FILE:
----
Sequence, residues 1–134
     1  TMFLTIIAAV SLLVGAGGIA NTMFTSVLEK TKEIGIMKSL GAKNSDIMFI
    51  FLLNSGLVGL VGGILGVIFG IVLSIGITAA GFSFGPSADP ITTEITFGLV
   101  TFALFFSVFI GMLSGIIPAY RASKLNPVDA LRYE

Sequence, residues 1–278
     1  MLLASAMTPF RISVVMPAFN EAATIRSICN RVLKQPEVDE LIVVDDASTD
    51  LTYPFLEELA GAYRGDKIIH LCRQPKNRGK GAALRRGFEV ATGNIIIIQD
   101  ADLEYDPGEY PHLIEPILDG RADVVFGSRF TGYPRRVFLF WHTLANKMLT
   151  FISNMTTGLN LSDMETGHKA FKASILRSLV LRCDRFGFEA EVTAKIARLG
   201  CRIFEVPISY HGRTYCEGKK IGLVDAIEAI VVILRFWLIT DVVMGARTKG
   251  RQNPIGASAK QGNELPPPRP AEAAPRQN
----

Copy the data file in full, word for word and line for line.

Sequence, residues 1–134
     1  TMFLTIIAAV SLLVGAGGIA NTMFTSVLEK TKEIGIMKSL GAKNSDIMFI
    51  FLLNSGLVGL VGGILGVIFG IVLSIGITAA GFSFGPSADP ITTEITFGLV
   101  TFALFFSVFI GMLSGIIPAY RASKLNPVDA LRYE

Sequence, residues 1–278
     1  MLLASAMTPF RISVVMPAFN EAATIRSICN RVLKQPEVDE LIVVDDASTD
    51  LTYPFLEELA GAYRGDKIIH LCRQPKNRGK GAALRRGFEV ATGNIIIIQD
   101  ADLEYDPGEY PHLIEPILDG RADVVFGSRF TGYPRRVFLF WHTLANKMLT
   151  FISNMTTGLN LSDMETGHKA FKASILRSLV LRCDRFGFEA EVTAKIARLG
   201  CRIFEVPISY HGRTYCEGKK IGLVDAIEAI VVILRFWLIT DVVMGARTKG
   251  RQNPIGASAK QGNELPPPRP AEAAPRQN